These data are based on our paper:
The Evolving Social Network of Marketing Scholars, coauthored by Jacob Goldenberg, Barak Libai, Eitan Muller and Stefan Stremersch that appeared in Marketing Science, 2010. As discussed in the paper, we constructed two (linked) data-sets: Authors Database and Links Database. Please note - the following are links to large zipped files (16 MB and 28 MB respectively) each containing 37 Excel files for the years 1973-2009. When clicking on the underlined links you will be given the option to save the files on your hard drive. Authors Database includes author (with his/her ID); Average separation; Cumulative number of papers; Cumulative number of journals s/he published in; First year of publication and last year of publication. Links Database includes two authors (with their IDs); Cumulative number of joint papers; List of journals at which they published their joint papers.
Main component and average separation
In order to get familiar with the database, and to allow for some quick yet interesting observations, observe the following figure that shows the evolution of the collaboration network over time, for two focal concepts: (1) the growth of the main component over time as percent of the main component size in 2008; and (2) average separation.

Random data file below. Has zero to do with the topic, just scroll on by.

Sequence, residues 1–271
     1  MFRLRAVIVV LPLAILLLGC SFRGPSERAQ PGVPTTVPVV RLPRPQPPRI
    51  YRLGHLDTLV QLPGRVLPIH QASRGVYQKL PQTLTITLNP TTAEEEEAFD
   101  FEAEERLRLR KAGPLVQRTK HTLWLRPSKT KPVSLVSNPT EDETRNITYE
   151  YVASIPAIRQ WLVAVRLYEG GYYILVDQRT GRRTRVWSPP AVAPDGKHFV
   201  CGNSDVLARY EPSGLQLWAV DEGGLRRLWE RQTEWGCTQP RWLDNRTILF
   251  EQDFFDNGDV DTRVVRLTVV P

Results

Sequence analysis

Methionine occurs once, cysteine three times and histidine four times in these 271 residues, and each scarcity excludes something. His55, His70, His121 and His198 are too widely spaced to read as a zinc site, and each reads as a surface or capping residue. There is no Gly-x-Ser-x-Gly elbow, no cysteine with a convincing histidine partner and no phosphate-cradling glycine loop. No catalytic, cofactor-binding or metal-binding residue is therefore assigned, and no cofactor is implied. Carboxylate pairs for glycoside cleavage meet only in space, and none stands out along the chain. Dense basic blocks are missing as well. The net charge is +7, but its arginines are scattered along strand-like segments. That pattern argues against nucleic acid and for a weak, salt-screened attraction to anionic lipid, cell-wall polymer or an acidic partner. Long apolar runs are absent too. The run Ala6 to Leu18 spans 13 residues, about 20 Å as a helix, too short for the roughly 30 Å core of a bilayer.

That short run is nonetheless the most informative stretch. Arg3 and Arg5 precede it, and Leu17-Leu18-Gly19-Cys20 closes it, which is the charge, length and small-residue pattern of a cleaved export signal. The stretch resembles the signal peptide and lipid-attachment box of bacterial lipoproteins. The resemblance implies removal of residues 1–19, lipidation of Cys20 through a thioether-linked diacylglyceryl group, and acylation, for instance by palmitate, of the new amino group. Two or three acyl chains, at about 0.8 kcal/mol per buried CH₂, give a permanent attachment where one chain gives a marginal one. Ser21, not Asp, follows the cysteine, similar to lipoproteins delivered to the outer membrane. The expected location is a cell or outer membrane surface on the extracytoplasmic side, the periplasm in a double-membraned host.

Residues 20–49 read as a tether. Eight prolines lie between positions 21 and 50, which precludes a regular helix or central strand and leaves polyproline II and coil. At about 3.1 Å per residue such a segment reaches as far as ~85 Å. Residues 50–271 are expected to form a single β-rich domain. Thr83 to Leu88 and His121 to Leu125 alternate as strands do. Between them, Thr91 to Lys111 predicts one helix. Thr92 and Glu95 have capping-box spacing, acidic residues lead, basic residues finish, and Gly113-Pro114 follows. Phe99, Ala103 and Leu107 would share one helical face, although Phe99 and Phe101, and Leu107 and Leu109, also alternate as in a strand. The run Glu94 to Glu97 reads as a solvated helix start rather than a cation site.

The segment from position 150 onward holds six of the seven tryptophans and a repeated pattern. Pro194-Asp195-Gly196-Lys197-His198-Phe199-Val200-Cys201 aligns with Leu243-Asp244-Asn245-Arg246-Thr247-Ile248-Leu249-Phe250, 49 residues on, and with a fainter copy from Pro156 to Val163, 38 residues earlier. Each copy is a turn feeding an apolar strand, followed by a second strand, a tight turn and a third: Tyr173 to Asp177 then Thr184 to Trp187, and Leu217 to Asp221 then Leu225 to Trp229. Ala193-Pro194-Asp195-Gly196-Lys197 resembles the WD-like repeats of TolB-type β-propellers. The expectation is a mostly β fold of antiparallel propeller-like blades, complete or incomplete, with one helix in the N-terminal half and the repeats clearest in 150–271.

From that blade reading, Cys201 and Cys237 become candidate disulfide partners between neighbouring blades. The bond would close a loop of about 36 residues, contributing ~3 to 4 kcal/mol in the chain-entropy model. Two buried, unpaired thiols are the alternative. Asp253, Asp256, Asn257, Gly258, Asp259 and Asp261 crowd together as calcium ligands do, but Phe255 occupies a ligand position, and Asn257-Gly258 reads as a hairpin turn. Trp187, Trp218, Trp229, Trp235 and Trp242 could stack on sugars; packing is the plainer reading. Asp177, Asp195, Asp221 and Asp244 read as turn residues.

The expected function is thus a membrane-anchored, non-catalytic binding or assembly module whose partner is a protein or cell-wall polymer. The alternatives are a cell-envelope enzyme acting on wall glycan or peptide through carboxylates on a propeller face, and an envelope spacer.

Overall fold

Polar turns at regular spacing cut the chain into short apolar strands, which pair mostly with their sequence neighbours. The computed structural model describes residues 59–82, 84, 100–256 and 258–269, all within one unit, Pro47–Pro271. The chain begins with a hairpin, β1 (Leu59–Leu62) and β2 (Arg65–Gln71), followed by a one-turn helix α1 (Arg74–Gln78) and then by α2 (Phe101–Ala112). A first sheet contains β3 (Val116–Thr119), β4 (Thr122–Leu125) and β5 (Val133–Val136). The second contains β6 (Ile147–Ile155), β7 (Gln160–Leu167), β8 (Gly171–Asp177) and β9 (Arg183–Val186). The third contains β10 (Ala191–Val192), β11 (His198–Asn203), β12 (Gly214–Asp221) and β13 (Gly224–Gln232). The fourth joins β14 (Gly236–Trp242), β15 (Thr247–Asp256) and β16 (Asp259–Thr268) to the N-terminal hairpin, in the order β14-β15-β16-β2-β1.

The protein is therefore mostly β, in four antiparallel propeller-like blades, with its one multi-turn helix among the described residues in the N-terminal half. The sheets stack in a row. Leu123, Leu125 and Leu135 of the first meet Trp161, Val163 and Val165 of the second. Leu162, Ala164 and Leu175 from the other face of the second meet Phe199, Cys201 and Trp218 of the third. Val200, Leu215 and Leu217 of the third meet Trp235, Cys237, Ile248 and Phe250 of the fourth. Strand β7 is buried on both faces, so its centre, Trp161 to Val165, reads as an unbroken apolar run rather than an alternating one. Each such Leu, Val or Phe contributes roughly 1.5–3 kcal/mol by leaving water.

The numbers that are presented are from the years 1979-2008, as the size of the main component before that was very small, and may not be a good indication of the network parameters that we examine. The line labeled “main component” presents the size of the main component through time, as a percentage of the size in 2008. We see that the size of the main component grows in a nearly linear trend from the mid 1980’s. Our data also show a consistent growth in the percentage of the main component out of all researchers in our database, from about 23% in 1979 to about 69% in 2008. Thus, the collaboration network in marketing seems to show increasing marketing research coherence with time. An interesting result regards the declining average separation, also shown in this figure. This finding is surprising given the increasing size of the system, as network models generally predict that average separation should increase with network size. In this case, in 2008, network size is more than 25 times that of 1979; yet average separation declined more than 35%. This intriguing phenomenon which may be related to the changing collaborating patterns over time is yet to be explored.
We find the closeness centrality of all players in this network going back to 1970's and calculate the researcher with the lowest centrality of each year: Roland Frank, Paul Green, Vijay Mahajan, Wayne Desarbo, and Donald Lehmann. An interesting observation regarding the central egos relates to their entrance and exit from that role. One way to gauge this phenomenon is to examine the centrality of the five central egos over time. However, if the average centrality across the entire network changes over the years (which happened in the marketing network), then changes in the centrality of those egos might reflect network players, and not necessarily personal status vis a vis the network.